NIFLAS TRIO MUST SELL UP AND PAY UP

NIFLAS TRIO MUST SELL UP AND PAY UP

Article published by the George Herald

Danie Acker – liquidator

GEORGE NEWS – Labelled “a massive breakthrough” for 350 Niflas investors, Judge Nathan Erasmus delivered a scathing Section 424 judgement and court order in the High Court in George on Tuesday 10 March.

He declared the by now infamous, George based, former Niflas owners, Pieter and Carina Strydom, their family trust and director Jan Mostert, personally liable for the debt of the entire Niflas Silhouette Platform group of companies.

The application was brought by Danie Acker, one of the joint liquidators of Niflas, who is now in the process of issuing warrants of execution against all the respondents. The Sheriff has been instructed to attach all the assets they own.

Pieter Strydom is the founder and former CEO of Niflas, the George-based financial institution that lost more than R150-million of their clients’ money through reckless and completely non-viable investments and ventures. Jan Mostert was a Niflas director and financial adviser.

Pieter Strydom – Niflas

Carina, Strydom’s wife, was a co-director of Niflas and now works at a financial company in George that started trade under a Financial Services Provider (FSP) number belonging to Niflas Risk 800 Holdings. Roadmap Financial Services is registered in the name of a former Niflas employee, Chrismare Botha.

Both Pieter Strydom and Mostert have been debarred.

Underhand dealings
Hundreds of people – mostly elderly residents of the Southern Cape – lost their life savings when Niflas went bankrupt in 2015. The so-called Niflas “investments” include a high-risk investment of R60-million in the ill-fated micro lender Bridge Corporate, a farm near Murraysburg, apartments in Swellendam, Grahamstown and George – where Pieter’s children stayed – and his sister’s crèche in Humansdorp.

During the proceedings Judge Erasmus warned the respondents’ council, Advocate Tinus Lotz, that he should take care which line of argument he took, as his clients’ actions at Niflas amounted to “organised crime”.

In his judgement Erasmus said he is restrained in his comments on the nature of the misrepresentations made by the respondents, as it may impact on the potential criminal case.

He said it is clear from the facts that the respondents were involved in underhand dealings to benefit themselves and their extended family.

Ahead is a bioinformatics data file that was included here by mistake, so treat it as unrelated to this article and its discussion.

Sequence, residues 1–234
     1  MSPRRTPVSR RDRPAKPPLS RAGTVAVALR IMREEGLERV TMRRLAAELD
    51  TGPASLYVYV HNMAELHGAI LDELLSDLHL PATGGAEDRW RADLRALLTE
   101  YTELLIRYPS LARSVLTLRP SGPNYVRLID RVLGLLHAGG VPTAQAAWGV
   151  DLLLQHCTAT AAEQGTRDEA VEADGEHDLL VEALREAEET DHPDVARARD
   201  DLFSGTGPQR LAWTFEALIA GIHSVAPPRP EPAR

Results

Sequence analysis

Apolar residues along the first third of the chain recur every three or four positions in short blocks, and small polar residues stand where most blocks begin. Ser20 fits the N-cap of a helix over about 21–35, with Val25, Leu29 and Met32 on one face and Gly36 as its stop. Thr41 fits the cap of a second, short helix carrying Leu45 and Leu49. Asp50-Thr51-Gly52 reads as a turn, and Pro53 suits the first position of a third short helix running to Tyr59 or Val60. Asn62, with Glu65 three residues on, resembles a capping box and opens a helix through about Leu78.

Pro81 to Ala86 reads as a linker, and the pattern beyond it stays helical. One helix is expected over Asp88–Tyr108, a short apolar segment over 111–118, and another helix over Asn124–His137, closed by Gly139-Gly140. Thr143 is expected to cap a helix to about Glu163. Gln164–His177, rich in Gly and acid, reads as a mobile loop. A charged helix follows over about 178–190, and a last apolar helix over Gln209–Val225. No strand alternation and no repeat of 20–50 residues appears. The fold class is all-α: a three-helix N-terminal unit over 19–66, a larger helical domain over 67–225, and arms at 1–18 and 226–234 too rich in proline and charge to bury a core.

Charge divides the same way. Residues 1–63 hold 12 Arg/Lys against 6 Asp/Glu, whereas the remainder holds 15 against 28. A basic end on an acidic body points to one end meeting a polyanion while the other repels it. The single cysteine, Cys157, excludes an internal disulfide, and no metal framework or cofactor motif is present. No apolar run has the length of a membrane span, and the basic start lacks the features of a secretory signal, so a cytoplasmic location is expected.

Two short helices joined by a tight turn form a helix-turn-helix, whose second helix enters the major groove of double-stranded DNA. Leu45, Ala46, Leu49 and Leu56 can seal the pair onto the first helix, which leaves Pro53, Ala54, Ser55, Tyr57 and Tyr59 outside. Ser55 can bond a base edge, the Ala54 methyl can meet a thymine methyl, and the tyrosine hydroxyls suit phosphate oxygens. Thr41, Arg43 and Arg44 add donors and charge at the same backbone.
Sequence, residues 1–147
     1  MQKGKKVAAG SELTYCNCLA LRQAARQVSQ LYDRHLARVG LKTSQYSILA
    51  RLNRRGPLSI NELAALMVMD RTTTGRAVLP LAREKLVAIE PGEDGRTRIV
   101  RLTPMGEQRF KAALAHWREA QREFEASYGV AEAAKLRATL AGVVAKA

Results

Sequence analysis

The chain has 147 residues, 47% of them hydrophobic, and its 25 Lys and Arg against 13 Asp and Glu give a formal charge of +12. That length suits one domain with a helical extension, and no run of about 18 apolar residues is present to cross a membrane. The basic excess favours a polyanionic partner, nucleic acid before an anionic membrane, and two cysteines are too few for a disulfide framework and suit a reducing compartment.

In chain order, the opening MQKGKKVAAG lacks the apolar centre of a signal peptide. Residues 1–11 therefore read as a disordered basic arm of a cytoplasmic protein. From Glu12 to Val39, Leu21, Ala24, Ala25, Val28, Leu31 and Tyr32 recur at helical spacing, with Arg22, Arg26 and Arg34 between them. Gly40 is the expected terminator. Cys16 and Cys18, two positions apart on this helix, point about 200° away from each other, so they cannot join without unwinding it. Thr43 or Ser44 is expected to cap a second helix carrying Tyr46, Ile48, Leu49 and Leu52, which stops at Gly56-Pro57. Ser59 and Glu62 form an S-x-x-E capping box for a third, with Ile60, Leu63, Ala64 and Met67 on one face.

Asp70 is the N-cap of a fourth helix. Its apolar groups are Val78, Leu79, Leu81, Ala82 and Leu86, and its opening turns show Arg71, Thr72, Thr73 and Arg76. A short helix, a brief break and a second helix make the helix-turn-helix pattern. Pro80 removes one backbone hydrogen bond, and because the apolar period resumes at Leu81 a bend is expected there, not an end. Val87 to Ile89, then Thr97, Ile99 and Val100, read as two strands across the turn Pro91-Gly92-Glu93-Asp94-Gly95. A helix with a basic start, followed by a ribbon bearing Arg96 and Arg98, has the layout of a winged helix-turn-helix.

Carina Strydom – Niflas

Dig deep for millions
Acker said he will go all out to recoup as much of investors’ money as possible. “I cannot let this go. Too great an injustice has been done. When I met Pieter Strydom back in 2015 he asked me what I wanted. I said: ‘Either R150-million or everything you own.’

“This ruling by the judge gives us the power to dig deep. The respondents’ financial dealings through the years will be unearthed.”

Acker said should it be found that their assets have been:

  • disposed of without value;
  • or in a way giving preference to certain creditors;
  • or if transactions were found to be in collusion with another person,the liquidators will have the option to apply for the sequestration of their estates.

Jan Mostert – Niflas

Sequestration
“Sequestration will also allow the appointed trustees to investigate the respondents’ personal transactions and flow of funds. If it is established that someone else is party to such collusive disposition, the other person will be forced to pay back the benefit he or she had received. In addition to that such sum, the court may rule that the collaborator pay back double the benefit received. In such an event the person shall also forfeit his claim against the estate,” said Acker.

He has managed to recover and pay out almost R30-million of investors’ money. R60-million is still invested in Bridge shares, now worth less than R1-million, and Acker is eager to recover a further potential R60-million.

The case is being investigated by the Directorate for Priority Crime Investigation (Hawks). No comment from any of the respondents or their lawyer was received at the time of going to print.

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